HOMILY ADVENT SUNDAY 01 – A
Best Practices for Advent
(Isaiah 2:1-5; Psalm 122; Romans 13:11-14; Matthew 24:37-44)
Happy New Year! That is a very appropriate greeting as we begin a new liturgical year. Something else that is quite appropriate at the beginning of a New Year is the making of New Year’s resolutions.
Perhaps we can be different this new liturgical year, and instead of making resolutions, do what many organizations and businesses are doing. They are adopting what they call “Best Practices” to increase the success of their business or the productivity of their organization.
For us as a church, as we begin this new liturgical year, those “best practices” are provided by the readings. We are told to “wake up” by Jesus and by St. Paul. We are encouraged to “be ready.” We are asked to “let go” of all sin and deeds of darkness. We are invited to “walk in the light of the Lord”, and above all, we are almost commanded by Paul to “let our armour be Jesus Christ”. We certainly have no shortage of “best practices” for the season of Advent!
The challenge is to live these “best practices.” Let us look at them more closely. The late renowned spiritual writer and speaker, Fr. Anthony de Mello, urged his listeners in almost every session he gave to “wake up.” Many people, he claimed, were “sleep-walking” their way through life when it came to their faith. He wanted everyone to wake up to the greater depth and possibilities a life of faith held out for them.
In the Gospel, Jesus urges us to “be ready” for the time of his return which would be at an unexpected hour. There is an Oblate brother who was asked as he was playing a game of pool, what he would do if told that the world was to end in three hours. He replied calmly, “Keep on playing pool.” He was ready and had no need to change anything in his life.
Then in the second reading, St Paul encourages us to let go of any sin and sinfulness, any deeds of darkness. According to Franciscan Father Richard Rohr, good spirituality is all about letting go. St. Paul mentions some of the things that we need to let go of, including drunkenness, promiscuity, licentiousness, arguing and jealousy. The best way to ensure that we are doing this “letting go” is to celebrate a sincere and thorough sacrament of reconciliation during the season of Advent.
We can spend some time reflecting on our past mistakes and sins and checking our conscience. Then we can take the time and trouble to repent, to confess our sins to a priest, to clean house, to rid ourselves of any spiritual garbage that we are carrying. As part of this celebration, and it is a celebration, we can make amends to anyone we have harmed, and include a declaration to change as part of that amends or penance. The peace and joy we will experience is more than worth the effort to celebrate that sacrament.
John was a member of Alcoholics Anonymous in northern Saskatchewan for thirteen years. His wife phoned me at 2 am one night to ask if he could come over and see me. It seems he was very agitated and depressed, had been given medication by the doctors to no avail, and was basically driving her crazy. I agreed and John came over. It turned out he had never made a sincere Step 5 out of fear and false-pride. I reminded him of the rigorous honesty the program demanded, and he finally cleaned house. He celebrated a deep, profound Step 5, which is admitting to God, to one’s self and to another human being, the exact nature of one’s wrongs. John left the house at 5:30 a free man, and has since then shared this story at meetings and Round-ups.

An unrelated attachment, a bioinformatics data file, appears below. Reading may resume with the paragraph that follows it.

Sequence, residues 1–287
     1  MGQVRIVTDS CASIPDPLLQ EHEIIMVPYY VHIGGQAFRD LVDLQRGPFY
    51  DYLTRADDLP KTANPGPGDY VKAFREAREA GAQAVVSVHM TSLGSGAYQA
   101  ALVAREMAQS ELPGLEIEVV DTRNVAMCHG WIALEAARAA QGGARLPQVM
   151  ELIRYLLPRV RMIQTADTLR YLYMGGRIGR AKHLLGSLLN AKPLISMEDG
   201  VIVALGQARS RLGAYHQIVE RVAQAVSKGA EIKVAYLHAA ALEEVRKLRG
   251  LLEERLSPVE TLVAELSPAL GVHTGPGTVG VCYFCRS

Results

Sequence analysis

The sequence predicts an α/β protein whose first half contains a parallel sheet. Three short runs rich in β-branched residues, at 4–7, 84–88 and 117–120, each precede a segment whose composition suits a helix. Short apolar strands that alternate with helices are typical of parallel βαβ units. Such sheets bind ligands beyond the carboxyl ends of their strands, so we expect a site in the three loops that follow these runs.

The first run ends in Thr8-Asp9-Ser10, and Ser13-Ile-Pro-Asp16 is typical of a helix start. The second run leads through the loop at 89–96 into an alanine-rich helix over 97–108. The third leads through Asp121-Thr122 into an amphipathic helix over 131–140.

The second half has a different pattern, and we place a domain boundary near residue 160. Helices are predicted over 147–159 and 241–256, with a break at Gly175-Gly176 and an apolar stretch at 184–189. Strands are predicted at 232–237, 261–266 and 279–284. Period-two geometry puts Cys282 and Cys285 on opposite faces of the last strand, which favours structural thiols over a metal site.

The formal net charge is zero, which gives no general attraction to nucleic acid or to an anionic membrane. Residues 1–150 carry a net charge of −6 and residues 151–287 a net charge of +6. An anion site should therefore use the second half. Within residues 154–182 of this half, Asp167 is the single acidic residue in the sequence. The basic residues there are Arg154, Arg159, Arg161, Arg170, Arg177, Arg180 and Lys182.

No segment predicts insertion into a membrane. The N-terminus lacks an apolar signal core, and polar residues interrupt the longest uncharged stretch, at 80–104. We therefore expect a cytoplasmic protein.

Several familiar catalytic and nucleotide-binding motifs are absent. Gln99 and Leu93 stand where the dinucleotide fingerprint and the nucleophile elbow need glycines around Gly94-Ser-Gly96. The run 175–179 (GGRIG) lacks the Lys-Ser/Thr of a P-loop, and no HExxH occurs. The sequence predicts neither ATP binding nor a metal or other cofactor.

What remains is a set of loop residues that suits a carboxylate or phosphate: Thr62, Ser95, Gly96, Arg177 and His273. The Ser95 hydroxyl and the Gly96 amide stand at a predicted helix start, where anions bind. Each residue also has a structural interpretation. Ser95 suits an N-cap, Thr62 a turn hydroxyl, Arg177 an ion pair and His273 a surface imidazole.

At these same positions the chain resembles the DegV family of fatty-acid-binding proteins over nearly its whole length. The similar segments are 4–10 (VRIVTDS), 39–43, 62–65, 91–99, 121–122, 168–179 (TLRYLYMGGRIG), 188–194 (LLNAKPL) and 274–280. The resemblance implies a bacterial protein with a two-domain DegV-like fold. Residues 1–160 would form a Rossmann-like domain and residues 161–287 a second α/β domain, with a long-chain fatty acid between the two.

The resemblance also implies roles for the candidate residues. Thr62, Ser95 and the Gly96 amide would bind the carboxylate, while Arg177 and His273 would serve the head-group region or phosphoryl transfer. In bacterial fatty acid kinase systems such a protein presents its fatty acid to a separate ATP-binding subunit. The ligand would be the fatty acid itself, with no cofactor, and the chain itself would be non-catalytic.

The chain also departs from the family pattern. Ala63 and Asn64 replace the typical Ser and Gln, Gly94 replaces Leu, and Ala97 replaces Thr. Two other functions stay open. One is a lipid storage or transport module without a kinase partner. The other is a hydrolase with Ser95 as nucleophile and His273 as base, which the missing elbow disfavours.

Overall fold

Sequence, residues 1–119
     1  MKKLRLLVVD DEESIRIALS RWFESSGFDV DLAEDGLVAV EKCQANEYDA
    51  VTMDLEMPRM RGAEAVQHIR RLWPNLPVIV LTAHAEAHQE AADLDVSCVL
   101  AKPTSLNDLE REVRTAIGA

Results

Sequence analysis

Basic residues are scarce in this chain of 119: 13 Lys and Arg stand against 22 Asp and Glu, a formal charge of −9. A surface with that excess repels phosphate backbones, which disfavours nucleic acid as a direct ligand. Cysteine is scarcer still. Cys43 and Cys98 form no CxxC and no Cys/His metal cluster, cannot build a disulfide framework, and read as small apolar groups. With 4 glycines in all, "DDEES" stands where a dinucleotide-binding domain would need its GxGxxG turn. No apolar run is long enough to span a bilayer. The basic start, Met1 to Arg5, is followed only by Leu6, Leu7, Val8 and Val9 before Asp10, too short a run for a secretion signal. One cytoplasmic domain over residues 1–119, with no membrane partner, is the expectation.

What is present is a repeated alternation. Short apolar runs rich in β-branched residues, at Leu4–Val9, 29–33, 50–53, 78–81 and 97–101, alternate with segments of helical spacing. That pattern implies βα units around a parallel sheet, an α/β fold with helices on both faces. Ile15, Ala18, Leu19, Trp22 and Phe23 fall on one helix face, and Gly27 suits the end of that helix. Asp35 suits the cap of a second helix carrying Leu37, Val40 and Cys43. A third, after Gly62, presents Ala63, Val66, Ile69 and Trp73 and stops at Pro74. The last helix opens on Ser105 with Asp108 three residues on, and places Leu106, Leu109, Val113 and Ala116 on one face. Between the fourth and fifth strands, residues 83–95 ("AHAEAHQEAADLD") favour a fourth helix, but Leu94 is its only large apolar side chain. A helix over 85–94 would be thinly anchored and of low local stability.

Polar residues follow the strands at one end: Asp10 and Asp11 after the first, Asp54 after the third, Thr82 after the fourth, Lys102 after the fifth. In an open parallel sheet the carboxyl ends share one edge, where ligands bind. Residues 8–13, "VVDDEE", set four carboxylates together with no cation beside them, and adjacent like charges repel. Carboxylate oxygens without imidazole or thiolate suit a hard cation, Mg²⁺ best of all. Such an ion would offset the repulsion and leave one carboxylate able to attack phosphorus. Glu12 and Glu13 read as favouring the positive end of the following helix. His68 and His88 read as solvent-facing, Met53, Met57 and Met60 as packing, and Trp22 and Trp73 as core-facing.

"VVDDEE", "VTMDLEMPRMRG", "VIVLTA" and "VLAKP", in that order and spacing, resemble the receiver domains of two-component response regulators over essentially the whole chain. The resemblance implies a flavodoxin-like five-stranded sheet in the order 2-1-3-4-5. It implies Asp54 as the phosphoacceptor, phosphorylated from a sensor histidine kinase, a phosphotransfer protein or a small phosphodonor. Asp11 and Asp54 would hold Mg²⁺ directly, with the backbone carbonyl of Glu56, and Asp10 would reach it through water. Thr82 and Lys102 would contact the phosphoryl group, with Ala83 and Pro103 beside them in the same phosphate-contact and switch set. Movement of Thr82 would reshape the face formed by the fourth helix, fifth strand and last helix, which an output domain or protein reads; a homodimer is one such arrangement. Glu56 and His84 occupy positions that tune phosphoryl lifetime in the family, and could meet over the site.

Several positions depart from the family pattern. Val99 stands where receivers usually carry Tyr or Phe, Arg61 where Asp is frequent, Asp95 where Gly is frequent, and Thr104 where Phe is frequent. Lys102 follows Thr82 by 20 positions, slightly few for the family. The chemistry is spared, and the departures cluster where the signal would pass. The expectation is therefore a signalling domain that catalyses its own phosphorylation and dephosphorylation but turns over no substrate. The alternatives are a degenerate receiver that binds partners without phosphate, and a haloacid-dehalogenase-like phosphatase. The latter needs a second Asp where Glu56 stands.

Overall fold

Returning to St. Paul, we are then to “walk in the light.” That ties in with the vision of Isaiah in the first reading. He prophecies a day when all people will come to the Temple of the Lord and live the Law of God. There will be an end to war, and weapons will become tools of peace. People will walk in the light of the Lord.
Those who walk in the light have no darkness within them; they are totally given over to living according to the Law. More than that, those who believe in and follow Jesus transcend the Old Testament Law, for they are now living according to the teachings of Jesus which includes loving our enemies, doing good to those who harm us, loving our God back, and loving all others as we love ourselves. That is truly walking in the light.
Some persons speak of an aura some people have around them, an aura they claim they can see. To make Jesus our amour, would be to make him our aura. With Jesus as our aura or armour, no darkness, no sin can penetrate and enter into our lives to disturb us. There will be only peace, joy and justice, the fruits of the Holy Spirit. Salvation will not only be at hand; we will be experiencing that salvation through that peace, joy and lives of justice. It does not get any better than that.
So that is the path that lies before us as we enter into this season of Advent, a path of “best practices” that will help us get ready for the celebration of Christmas. We could put it this way – the best way to celebrate Christmas is to live the season of Advent well, by being faithful to all these best practices.
The Eucharist is our food for the journey through the season of Advent, helping us to live out these best practices the readings put before us today. We experience forgiveness in the Penitential rite, are nourished by God’s Word and by the Body and Blood of Jesus. Then we are mandated to go out and live those best practices – to wake up, be ready, let go of darkness, walk in the light, and above all, make Jesus Christ our armour.